I run the class workshop style, so students often get to know each other quite well. Many of my students have had their essays, stories, poems, and even books published. Writing Creatively is a perfect class to take to enter into SFCC’s Creative Writing Program because in it, you can experience many different types of writing and begin to develop a discipline. Or if you’re a more seasoned wordsmith, you can use the class to keep writing, keep getting feedback, and keep developing your skills!

I’ve loved teaching English and Writing Creatively at SFCC for the past 19 years, and I can honestly say that this class remains one of my all time favorites. If prospective students have any questions for me, they can contact me at tmwilson222@aol.com Thanks!

To see Terry’s book, CONFESSIONS OF A FAILED SAINT, click here.

Still Some Spaces in Julia Goldberg’s Intermediate Fiction Class at Santa Fe Community College

Q and A

Hi Julia–I see there are spaces left in your intermediate fiction class at SFCC. I want to ask you a bit about the class.

Is there a particular focus in the class–plot, editing, etc.?

Julia: The class actually touches most of the bases when it comes to the craft of fiction. We work specifically on point of view, sense of place, character, dialogue, plot—the works. With that said, plot tends to be a major focus, as does the editing process. While there is certainly a fair amount of “free writing” in this class, it is geared toward writers who want more tools for the revision process, so that is a major focus.

What should a student expect in the class?

The class really emphasizes the craft side of writing fiction. We use Janet Burroway’s Writing Fiction book, which takes a hard look at all the technical elements of fiction—from point of view to verb tenses—and provides what I think is an excellent survey of other writers’ views and experiences about these elements. The class has a free write almost every time we meet, and those are geared at practicing some of the techniques that we look at in the weekly readings. And then a major focus of the class is the workshop process. This is a chance for the writers to gather feedback and edits from their classmates and, of course, from me.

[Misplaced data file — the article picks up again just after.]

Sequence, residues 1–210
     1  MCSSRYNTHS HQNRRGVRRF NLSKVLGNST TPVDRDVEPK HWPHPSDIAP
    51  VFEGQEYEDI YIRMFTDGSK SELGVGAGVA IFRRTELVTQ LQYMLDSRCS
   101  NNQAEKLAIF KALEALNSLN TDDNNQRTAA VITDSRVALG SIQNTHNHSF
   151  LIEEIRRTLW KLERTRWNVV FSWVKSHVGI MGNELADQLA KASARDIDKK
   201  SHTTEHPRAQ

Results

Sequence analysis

What is your favorite thing about teaching the class?

I really enjoy hearing the results of the free-writes—I’m always amazed at where they lead, and I love seeing solid revisions come out of these workshops. Many of the students who have been in this class in prior years now publish regularly and read in public regularly, and it’s exciting to see that fairly fast trajectory from classroom to active writing life.

What kind of reading?

The Burroway book also functions as a great anthology of short fiction, and we do a fair amount of reading and discussing these stories. I can never resist Ron Carlson’s “Keith,” which is both a great read and an excellent story to look at for craft. And then there’s Flannery O’Connor, Eudora Welta, Stuart Dybek…this semester, I’m hoping to work in a story by Ann Beattie, since she’s in the Lannan line-up this spring, and also one of my favorites. Every other year I seem unable to resist including Hemingway’s Hills Like White Elephants. This might be an on year for that.

Anything else you’d like to add?

Although some people come to the class with manuscripts ready to workshop, this also is a class in which participants can develop material out of the in-class assignments if they are in the mood to start from scratch. We don’t read novels in the class, but students who are working on a novel certainly can workshop portions of it. Each student will workshop three pieces of writing of 8-10 pages (no more than 15) and submit one revision of each.
To register: 428-1000
If you need the pre-requisite overridden, contact Miriam Sagan after January 1 at miriam.sagan@sfcc.edu

Halloween at SFCC by Ursula Moeller

Intro: in memoir class, we built Day of the Dead altars and wrote about the feelings evoked:

The Monday afternoon class went out to write haiku and observe the passing scene. Photographer and writer Ursula Moeller captured so much of the party.

She reports: